And we're also able to generate procedures from scratch, so if a customer doesn't have a procedure, they could ask our AI, you know, please create a procedure to do a weld inspection or how to pour concrete or whatever it might be, and our system will be able to automatically create a procedure for them.

So that's something that the data is clear what's coming in, just to use the framework I talked about before, the data is the customer's own procedures, or if they don't have a procedure, it's publicly available information about work types and work procedures.

Two, it is saving time. It's taking something that would have taken a couple of hours before and doing it in seconds, and it's integrated into our existing product. So it's just making our product easier to use for customers.

AI is helping. And I've seen lots of examples like that across industries. 

Tim Butara: So it improves both the user experience as well as the performance and efficiency. 

Matthew Kleiman: Exactly. You get that double on both sides. It's, it's making life better for the user, but also making the system more valuable to the user. 

Tim Butara: Win win.

I mean, that's what you want from an efficient system, right? 

Matthew Kleiman: Exactly. Exactly. And I think we're going to see more and more use cases in all different companies. And that's actually what I'm most excited about is not so much the blue sky, brand new AI capable AI applications, but how are existing companies integrating AI into their existing products to make them much, much better.

And I think that's where the initial models fall. Major value is going to be created in the SaaS software space, not so much new applications, but the companies that can successfully make their current applications much much better.

Tim Butara: Man, you are such an expert at perfectly leading the conversation to the next question that I was going to ask. So I was going to ask you Matt, what have you seen to be some of the most important benefits and use cases of AI, LLM tools, especially in the industry that we've been discussing today, so construction, maintenance and the like?

Matthew Kleiman: Yeah, there's two sides of it and indirectly touched on a little bit in the course of the last few minutes, but one is just making sense of messy data. So the construction industry is perhaps the worst offender of any that I've been involved with and having data that's either messy or non existent and the fact that LLMs can look at these data sets, can integrate different messy data sets together and be trained to make sense of it and to understand what's happening is hugely valuable, both compared to other older dive analytics tools, but just compared to what humans can do themselves, there's a statistics out there, I forgot who put this out, but basically someone said more than 90% of not, they said this, they found this more than 90% of data generated in a construction site goes completely unused by all the different players on the site because the data is just not ingestible into most systems today.

And if AI can ingest that data, make it usable. That's going to go a long way to making construction safer and more productive. The second piece is using this data to generate procedures like we are, which is our space, but specifications, designs, architectural drawings, work plans, a lot of these are largely standardized, but all have slightly different twists to them depending on the specific project and an LLM with generative AI tools can understand what the standards are and also understand what's different about a particular project.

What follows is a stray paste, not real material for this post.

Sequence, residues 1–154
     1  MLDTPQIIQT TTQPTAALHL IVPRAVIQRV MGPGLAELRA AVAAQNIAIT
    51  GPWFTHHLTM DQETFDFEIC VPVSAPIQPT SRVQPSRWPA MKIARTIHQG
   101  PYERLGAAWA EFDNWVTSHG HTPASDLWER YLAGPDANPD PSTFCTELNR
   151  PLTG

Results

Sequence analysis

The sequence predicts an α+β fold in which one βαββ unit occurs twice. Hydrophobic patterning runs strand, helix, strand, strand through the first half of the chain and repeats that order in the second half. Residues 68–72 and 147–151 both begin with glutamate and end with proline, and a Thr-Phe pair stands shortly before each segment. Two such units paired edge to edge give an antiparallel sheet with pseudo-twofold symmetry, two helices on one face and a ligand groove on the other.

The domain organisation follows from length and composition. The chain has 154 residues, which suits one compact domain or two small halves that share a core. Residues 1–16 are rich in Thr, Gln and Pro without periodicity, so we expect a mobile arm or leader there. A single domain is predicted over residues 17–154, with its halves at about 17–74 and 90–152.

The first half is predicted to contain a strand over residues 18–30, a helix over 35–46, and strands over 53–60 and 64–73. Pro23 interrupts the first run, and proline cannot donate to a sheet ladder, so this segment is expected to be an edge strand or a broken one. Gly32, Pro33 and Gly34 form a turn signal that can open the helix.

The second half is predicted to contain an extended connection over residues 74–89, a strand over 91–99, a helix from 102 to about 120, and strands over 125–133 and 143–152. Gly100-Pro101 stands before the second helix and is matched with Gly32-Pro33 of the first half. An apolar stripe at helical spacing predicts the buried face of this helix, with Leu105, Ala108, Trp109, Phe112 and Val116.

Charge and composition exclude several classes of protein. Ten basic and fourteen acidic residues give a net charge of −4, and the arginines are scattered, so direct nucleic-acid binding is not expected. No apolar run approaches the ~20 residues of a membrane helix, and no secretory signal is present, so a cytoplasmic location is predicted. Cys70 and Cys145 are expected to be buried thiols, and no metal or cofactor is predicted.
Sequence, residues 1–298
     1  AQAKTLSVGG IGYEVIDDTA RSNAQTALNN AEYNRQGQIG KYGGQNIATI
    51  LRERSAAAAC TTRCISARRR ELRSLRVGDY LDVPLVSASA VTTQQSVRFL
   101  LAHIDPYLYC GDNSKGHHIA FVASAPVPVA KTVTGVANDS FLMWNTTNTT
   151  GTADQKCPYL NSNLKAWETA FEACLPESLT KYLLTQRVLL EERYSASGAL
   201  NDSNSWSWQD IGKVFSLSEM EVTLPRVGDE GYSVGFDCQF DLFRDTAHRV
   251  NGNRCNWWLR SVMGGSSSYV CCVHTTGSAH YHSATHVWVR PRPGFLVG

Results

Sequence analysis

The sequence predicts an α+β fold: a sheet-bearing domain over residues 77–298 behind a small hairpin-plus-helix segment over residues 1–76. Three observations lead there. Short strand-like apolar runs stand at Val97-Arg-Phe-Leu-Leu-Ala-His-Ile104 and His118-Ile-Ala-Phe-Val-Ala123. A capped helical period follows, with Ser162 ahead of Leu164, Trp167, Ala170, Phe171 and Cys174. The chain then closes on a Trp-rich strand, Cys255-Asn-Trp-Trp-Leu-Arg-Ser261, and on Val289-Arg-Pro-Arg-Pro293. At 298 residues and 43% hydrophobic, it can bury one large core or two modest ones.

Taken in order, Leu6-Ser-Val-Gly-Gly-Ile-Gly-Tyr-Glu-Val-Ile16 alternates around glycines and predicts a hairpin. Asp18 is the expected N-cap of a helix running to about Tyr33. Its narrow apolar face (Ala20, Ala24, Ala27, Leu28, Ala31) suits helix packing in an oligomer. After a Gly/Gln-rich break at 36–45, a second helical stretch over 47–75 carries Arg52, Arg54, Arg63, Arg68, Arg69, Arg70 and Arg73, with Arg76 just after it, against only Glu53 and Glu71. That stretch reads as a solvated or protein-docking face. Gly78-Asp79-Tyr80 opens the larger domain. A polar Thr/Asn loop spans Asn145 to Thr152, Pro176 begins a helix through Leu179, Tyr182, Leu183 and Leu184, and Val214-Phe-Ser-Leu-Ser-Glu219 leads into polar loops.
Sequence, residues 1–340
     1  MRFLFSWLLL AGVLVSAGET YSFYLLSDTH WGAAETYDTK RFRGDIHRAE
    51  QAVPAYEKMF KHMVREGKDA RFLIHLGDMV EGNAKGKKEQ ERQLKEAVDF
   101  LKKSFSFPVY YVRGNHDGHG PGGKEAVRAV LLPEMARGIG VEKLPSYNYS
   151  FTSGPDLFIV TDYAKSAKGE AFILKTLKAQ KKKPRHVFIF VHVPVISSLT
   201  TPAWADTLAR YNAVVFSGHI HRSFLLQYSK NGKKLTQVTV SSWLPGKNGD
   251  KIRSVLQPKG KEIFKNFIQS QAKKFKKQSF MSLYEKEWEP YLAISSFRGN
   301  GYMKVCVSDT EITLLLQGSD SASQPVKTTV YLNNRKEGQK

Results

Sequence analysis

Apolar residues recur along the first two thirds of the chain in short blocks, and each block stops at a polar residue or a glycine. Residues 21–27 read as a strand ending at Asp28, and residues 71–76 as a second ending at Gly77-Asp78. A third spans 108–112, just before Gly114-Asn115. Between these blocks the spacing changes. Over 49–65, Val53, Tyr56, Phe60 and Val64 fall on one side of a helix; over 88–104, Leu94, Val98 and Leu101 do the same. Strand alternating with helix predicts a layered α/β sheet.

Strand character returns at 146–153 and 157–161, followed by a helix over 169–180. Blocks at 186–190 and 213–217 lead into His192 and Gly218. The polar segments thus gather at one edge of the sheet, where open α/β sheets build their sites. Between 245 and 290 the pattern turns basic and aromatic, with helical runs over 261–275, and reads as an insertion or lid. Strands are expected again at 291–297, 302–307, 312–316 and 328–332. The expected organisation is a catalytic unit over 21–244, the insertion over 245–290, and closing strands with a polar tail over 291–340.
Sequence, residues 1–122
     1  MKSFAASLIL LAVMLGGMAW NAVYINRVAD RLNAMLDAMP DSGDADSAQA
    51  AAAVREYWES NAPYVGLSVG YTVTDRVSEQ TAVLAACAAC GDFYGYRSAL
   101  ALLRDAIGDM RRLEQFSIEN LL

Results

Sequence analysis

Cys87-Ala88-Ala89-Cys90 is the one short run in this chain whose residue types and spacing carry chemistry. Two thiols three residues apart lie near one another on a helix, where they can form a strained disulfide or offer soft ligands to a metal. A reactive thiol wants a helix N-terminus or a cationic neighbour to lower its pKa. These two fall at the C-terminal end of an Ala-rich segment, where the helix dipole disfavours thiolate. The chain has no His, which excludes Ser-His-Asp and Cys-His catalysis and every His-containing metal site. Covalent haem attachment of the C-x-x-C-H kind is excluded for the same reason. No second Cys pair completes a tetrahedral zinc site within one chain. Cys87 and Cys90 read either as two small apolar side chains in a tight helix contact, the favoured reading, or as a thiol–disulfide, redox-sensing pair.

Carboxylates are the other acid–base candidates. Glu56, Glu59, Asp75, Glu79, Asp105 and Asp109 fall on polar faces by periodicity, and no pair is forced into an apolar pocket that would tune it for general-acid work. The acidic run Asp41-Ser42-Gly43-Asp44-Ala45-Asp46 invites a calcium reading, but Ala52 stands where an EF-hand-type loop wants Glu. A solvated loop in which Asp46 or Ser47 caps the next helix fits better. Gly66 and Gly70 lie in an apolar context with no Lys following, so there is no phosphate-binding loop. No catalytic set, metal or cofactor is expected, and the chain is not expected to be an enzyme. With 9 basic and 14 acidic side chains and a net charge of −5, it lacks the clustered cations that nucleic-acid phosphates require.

It could help accelerate the whole process of, of planning and managing projects much better than current systems today. 

Tim Butara: So there's definitely still a lot of potential in AI and LLM innovation and getting the best possible use out of your data. 

Matthew Kleiman: Huge. We're really just scratching the surface because we're just seeing, the first use cases of AI that you saw last year were largely chatbots.

So I'm going to chat with my data repository and that's fine, but that was really. The easiest thing a company could do is put their own layer over something like ChatGPT and make it slightly customized for their use case with their branding. That was fine, but that's not transformational change for anybody.

That's, you know, that's a chat bot and the chat bot's fine, but you're just now seeing, I think in my company is one of them, but there are many others that are taking, actually taking these. LLMs and other generative AI tools and turning them into real products, real capabilities that are going to be transformational and we are just scratching the surface.

So I am incredibly bullish on the space. I think AI is an area where it has graduated from being a splashy technology to something that's very real and will permeate the ecosystem. 

Tim Butara: Matt, as I said in the beginning, I already immensely enjoyed our first conversation, but this one might have been even more enjoyable.

Thank you so much. All right. Just before we wrap it up, if for some, to me, unexplainable reason, our listeners don't decide to go check out the previous episode and want to contact you, where can they do that? 

Matthew Kleiman: That's their best places on LinkedIn. I'm I'm active there. So Matthew Kleinman at Cumulus on LinkedIn, send me, send me a direct message.

I, I respond to everybody that's not a spam bot. So, so please do that. But also feel free to contact me directly by email. Which is Matt, M A T T, at CumulusDS, Cumulus, as in Cumulus Digital Systems, so CumulusDS. com. And, happy to respond there as well. 

Tim Butara: Thanks again so much, Matt, and it's been a pleasure.

Matthew Kleiman: Thanks, Tim. Great speaking with you again. 

Tim Butara: Well, to our listeners, that's all for this episode. Have a great day, everyone. And stay safe.